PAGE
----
Kenny DeLand Jr., the American student who was reported missing more than two weeks ago in Grenoble, France, is alive, his father Ken DeLand Sr. told CNN on Friday.
DeLand Jr. is in Spain, French Prosecutor Eric Vaillant told CNN, adding only that the young man had spoken Friday with his parents.
DeLand Jr.’s father had been in the middle of a call with CNN when he suddenly hung up. He later messaged CNN to report “good news” – and said he’d just spoken with his son.
“He is alive – that’s all I can say,” he told CNN.
Deland Sr. did not elaborate on what his son told him and did not explain where his son has been for the past two weeks.
A senior at St. John Fisher University in Rochester, New York, DeLand Jr. had been studying at the University of Grenoble Alpes, according to his family. His parents in recent days said they had not heard from him since November 27.
His fellow students reported him missing on November 29, prompting Vaillant to launch an investigation, the Grenoble prosecutor had said.
The woman who had hosted DeLand in France thought he may have left voluntarily, she told CNN before he was found – echoing a theory Vaillant put forward this week.
But the young man’s parents didn’t believe that was the case, and his father as recently as Wednesday decried what he called a response from authorities that was not sufficiently urgent.
Interpol on Thursday issued a Yellow Notice for DeLand, saying he went missing on November 27. Such notices are issued to help locate missing persons, often minors, or to help identify anyone who cannot identify themselves, according to Interpol.
DeLand had been scheduled to return to the US on Saturday, his father said before he was found, adding that although the student liked to go hiking, he would always keep in touch.
“For him to not reach out, with no correspondence, this is very uncharacteristic of my son,” DeLand Sr. told CNN’s Anderson Cooper on Wednesday. “This is what creates all the worry that any parent could ever feel.”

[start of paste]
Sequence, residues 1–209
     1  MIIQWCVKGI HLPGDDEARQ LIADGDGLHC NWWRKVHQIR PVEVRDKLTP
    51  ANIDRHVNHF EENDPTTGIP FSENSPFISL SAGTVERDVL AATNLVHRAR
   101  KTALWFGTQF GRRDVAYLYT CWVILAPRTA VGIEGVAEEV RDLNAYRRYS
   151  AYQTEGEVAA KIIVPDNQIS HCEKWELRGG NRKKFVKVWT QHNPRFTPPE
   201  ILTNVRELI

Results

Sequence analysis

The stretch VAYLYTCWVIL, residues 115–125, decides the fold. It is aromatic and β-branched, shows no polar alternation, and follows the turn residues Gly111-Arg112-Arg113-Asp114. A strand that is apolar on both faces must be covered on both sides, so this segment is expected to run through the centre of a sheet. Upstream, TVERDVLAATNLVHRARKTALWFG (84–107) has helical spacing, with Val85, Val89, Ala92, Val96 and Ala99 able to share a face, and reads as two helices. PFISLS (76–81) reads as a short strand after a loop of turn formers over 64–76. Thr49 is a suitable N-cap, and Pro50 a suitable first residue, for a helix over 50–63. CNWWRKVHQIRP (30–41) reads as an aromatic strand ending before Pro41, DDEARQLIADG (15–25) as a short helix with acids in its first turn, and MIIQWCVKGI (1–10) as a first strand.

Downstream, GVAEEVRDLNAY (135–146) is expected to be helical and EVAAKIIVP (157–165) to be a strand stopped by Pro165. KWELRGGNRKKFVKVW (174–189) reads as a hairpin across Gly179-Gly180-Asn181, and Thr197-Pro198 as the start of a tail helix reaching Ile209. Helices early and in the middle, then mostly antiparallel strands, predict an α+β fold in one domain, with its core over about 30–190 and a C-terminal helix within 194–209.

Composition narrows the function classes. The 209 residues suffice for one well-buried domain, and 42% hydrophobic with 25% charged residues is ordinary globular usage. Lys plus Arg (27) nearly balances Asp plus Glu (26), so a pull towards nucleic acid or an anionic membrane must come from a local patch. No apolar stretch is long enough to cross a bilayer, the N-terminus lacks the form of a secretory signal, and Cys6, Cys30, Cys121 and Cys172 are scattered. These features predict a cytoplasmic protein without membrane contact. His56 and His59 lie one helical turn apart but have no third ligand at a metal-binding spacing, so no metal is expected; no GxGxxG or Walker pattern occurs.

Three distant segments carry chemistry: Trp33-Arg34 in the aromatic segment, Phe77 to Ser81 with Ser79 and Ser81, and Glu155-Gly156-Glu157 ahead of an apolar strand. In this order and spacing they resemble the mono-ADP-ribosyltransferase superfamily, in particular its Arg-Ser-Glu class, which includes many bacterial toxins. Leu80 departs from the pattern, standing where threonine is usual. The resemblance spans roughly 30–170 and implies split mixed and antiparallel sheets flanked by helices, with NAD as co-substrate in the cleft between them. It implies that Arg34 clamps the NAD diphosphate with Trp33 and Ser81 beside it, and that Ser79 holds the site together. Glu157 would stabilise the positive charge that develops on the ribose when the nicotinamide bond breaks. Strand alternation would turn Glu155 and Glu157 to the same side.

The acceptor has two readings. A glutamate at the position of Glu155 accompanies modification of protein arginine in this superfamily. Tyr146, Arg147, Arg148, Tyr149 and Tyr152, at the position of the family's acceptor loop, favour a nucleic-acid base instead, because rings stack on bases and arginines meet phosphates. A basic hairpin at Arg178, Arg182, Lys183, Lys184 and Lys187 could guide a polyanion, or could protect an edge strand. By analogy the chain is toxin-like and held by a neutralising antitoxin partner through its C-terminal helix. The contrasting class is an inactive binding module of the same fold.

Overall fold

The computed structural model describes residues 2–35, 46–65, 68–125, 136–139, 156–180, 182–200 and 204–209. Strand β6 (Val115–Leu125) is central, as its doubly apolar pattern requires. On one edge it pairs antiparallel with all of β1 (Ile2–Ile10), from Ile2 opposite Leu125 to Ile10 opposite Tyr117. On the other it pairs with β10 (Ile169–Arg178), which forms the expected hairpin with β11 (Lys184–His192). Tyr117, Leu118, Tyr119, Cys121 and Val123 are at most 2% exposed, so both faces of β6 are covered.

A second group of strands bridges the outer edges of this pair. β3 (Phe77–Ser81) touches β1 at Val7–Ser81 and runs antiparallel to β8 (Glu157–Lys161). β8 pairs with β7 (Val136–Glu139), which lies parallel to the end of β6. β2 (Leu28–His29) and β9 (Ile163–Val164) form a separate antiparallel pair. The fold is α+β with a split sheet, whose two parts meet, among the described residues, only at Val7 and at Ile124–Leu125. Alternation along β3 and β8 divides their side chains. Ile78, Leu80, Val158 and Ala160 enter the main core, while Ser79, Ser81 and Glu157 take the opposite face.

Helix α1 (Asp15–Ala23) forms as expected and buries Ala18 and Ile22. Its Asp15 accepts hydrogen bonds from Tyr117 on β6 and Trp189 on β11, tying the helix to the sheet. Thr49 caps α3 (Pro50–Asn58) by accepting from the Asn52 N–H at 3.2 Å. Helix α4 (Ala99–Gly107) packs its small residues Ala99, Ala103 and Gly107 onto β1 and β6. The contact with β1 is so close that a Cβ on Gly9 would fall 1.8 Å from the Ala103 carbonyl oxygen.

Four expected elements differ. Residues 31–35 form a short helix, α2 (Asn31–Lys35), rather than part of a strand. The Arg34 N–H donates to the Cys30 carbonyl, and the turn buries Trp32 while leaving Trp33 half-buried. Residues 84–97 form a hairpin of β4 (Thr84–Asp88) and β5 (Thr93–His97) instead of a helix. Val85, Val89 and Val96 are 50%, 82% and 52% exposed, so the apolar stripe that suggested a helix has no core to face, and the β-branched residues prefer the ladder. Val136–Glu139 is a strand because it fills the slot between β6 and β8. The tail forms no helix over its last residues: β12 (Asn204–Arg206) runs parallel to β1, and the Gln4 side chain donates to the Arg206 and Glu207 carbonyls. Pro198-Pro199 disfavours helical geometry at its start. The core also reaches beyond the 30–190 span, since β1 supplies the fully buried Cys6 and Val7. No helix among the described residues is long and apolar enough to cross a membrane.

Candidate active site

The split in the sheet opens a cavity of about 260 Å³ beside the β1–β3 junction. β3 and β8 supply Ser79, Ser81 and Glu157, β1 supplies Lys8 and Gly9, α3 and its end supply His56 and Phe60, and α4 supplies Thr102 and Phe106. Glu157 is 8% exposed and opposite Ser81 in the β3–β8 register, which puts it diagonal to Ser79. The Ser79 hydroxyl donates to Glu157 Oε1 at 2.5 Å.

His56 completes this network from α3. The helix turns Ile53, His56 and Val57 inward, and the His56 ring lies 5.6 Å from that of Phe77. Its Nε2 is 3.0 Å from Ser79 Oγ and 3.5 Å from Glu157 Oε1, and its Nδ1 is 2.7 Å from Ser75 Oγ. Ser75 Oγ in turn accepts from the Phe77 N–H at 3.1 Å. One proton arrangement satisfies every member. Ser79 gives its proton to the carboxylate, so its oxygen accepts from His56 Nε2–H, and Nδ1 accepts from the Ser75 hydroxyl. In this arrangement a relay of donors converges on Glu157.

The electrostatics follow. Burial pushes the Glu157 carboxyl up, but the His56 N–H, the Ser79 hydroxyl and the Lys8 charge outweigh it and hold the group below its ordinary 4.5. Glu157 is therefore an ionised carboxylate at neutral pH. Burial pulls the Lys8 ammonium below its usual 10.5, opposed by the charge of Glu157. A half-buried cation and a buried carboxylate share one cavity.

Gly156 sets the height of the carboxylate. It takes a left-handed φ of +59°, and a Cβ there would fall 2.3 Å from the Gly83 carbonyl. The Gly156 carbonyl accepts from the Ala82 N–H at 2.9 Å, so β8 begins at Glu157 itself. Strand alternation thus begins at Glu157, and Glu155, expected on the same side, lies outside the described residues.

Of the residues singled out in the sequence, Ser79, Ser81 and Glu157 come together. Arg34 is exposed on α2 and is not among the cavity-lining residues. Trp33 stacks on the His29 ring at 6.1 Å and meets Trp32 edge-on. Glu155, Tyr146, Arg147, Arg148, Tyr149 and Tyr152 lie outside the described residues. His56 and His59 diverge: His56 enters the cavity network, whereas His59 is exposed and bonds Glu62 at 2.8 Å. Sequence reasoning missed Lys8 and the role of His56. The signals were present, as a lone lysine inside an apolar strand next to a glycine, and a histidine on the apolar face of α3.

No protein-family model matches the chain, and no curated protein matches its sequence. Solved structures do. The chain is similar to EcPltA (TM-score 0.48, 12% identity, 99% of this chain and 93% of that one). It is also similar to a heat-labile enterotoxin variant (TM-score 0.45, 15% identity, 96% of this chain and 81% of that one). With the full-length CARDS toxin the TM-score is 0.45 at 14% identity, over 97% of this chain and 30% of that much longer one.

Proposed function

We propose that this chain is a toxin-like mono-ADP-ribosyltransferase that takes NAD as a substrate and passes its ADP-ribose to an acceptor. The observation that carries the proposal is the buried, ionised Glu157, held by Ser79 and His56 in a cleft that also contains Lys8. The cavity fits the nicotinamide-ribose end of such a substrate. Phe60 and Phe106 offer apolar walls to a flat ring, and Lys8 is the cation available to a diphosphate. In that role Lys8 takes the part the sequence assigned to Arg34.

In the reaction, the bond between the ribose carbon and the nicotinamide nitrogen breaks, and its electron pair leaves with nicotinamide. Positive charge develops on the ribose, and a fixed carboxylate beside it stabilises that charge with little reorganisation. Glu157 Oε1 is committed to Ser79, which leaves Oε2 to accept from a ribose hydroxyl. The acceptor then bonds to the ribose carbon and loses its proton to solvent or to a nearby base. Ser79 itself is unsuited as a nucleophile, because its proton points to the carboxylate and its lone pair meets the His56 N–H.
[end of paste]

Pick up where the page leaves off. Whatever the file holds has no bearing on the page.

“As time goes by, it makes you worry even more.”
When Vaillant announced Monday he was investigating DeLand Jr.’s disappearance, he said the student seemed “to have left Grenoble voluntarily.”
“The young man reportedly told several people that he had arrived in France underprepared and was having difficulty making friends,” Vaillant said Monday.
The student had been seen on December 3 in a store in the town of Montélimar, roughly a 90-mile drive southwest of Grenoble, Vaillant said.
And Deland had mentioned he wanted to go to Marseille, a city along the Mediterranean some 190 miles south of Grenoble, before returning to the US, Vaillant said.
Of all the students DeLand’s host mother had welcomed, he seemed to have the most trouble fitting in, the woman told CNN this week on the condition of anonymity out of concern for her privacy.
When the host mother hadn’t heard from DeLand, she inundated him with messages trying to figure out where he was, but he did not reply, she said. Learning that he’d been seen December 3 was reassuring, she said, because she felt it confirmed her suspicions he may have left and cut off communications voluntarily.